It’s almost July. You know what that means! Beautiful summer weather, of course. It also means our Facebook, Twitter, and Instagram feeds are about to be overwhelmed with beach selfies and sunset photos.
We’re all guilty of it. And there’s nothing wrong with sharing a few shots of you and your family frolicking in a tropical paradise or posing with historical landmarks on your summer vacation. But how many of us take a moment to consider the problems that might arise from posting photos while on vacation?
I’m not talking about your house being potentially robbed because you’ve just let everyone know you are, in fact, not at home. That’s certainly a concern and this is an information security blog, so it is our fiduciary duty to at least mention it. But there are other dangers associated with posting while traveling. Here are five to consider before you hit the road:
You alienate your friends and family.
Sometimes, posting loads of vacation pictures, regardless of location, can be a bit tone-deaf. Keep in mind that there are people who follow you on the various social media platforms who don’t have the means to take a vacation. By constantly pushing beach selfies and dining photos in their face, you could very well stir up unintentional animosity and even ruin relationships.
This is not to say you shouldn’t post any photos. You work hard. You paid your way. It’s your right to celebrate by showing off your surroundings while you travel. But be diplomatic about it. You don’t want to come off as braggart and annoy your entire timeline by posting 10 pics a day with loads of hashtags. A little taste goes a long way.
You lose the moment.
Modern smartphones take amazing pictures, which have made it easy and convenient to capture experiences while on the go. The problem is when you try to share those experiences. Think about how much time you spend when you snap a photo, pull up Instagram, cycle through a bunch of filters, and come up a message with a bunch of clever hashtags.
Furthermore, once you’re in the app, you might notice you have several notifications from the last photo you posted, so you go through them and respond to your friends and family to let them know how much fun you’re having. Next thing you know, you’re digging through your entire timeline to satisfy the FOMO (fear of missing out).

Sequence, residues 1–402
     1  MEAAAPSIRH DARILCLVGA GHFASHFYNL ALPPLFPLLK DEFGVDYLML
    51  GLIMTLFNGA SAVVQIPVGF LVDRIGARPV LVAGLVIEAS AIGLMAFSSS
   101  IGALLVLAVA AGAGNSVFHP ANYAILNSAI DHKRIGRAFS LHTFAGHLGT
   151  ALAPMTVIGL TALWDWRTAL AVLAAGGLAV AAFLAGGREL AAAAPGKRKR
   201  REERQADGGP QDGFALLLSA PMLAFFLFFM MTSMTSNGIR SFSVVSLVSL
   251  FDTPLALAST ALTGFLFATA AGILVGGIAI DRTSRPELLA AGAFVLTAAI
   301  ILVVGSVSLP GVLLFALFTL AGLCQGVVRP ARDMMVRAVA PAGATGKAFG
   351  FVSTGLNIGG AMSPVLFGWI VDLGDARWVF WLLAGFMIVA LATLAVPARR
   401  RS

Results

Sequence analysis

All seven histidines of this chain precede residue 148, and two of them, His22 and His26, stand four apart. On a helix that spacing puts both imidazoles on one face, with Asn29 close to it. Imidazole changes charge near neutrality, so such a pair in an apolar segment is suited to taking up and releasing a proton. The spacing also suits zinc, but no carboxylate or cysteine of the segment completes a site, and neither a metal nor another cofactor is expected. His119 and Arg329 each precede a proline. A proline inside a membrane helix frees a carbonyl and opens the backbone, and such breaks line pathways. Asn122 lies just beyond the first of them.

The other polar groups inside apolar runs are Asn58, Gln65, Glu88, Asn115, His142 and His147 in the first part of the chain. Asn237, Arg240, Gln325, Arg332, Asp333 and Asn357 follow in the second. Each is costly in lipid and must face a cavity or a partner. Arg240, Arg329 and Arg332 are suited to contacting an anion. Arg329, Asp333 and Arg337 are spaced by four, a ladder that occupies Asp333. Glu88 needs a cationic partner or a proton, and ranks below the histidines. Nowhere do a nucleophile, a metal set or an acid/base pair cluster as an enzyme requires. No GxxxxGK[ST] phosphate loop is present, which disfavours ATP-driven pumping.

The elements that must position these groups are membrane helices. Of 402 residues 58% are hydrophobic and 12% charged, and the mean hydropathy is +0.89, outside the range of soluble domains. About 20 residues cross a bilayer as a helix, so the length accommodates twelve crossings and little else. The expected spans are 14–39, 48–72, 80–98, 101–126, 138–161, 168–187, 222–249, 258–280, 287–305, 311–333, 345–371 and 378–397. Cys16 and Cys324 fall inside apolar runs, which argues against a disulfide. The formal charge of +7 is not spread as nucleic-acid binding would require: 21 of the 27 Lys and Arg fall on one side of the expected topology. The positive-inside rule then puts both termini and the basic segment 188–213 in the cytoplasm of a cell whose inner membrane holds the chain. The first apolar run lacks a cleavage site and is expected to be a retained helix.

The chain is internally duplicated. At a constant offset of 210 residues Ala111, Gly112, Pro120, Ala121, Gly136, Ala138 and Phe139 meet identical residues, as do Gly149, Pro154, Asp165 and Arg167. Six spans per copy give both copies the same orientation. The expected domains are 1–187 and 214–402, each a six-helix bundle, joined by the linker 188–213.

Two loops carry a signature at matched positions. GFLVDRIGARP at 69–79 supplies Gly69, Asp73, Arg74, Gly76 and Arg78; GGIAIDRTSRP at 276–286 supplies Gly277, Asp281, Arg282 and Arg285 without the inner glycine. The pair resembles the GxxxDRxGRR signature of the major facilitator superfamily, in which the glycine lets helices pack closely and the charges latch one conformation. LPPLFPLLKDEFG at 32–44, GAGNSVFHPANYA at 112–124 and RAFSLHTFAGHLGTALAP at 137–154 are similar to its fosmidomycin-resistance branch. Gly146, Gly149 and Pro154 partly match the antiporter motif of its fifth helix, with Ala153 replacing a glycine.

All the while, you are, in fact, missing out. Be in the moment. Turn that FOMO into JOMO (joy of missing out) and post those photos a later time.
You are not Anthony Bourdain.
That’s really just a nice way of saying that, perhaps, no one cares. Unless it’s your brand, meaning people follow you on social media because of the food and drink and travel photos you post, then you should consider that no one else cares.
The fact of the matter is, while beach sunsets are nice, we’ve all seen them and posting a picture of one every day for seven straight days is a quick ticket to being unfriended. Your timeline doesn’t care about that order of tuna tartar you’re eating oceanside while they’re grinding away at work or getting ready for little league practice.
It may come off as rude, but it’s really just a throwback to the first point above. Be selective with what you share and limit how much share. Less is more.
You annoy your travel companions.
Have you ever been with someone that constantly has to document every single thing and share it on every social media profile?
It’s annoying. And it could get especially annoying for your loved ones who are taking a break from all the things in life that they deal with every single day, especially social media.
Once again, be in the moment. Take your pictures, for sure. But keep that phone in your pocket as much as possible. Enjoy the things and people around you.
You sacrifice situational awareness.
When in crowded areas, it’s always best to keep your head up and your eyes open. Digging into your phone does the opposite of that. Obviously, this isn’t a huge concern in some circumstances, but in general, don’t sacrifice situational awareness to fire off a few Instagrams.
And this includes connecting to public Wi-Fi so you can upload your pictures, which you should never do unless you’re using a VPN (virtual private network). Otherwise, you risk chewing up a lot of data, not to mention battery life.
Of course, you’re still going to post photos while on vacation or traveling, as you absolutely should. And a lot of those posts will be appreciated by your friends and family at home. But for the most part, it’s better to wait until the end of trip and then set up an organized photo album for people to browse as they wish.
As far as security issues are concerned, it’s a risk most of us are willing to take. If there are specific items that you can’t live without, consider storing them at a friend or family’s place while you’re out of town. Keep in mind that TVs are replaceable! Family heirlooms not so much.
With that in mind, have a great summer, keep those passwords up-to-date, and don’t forget about sunscreen!
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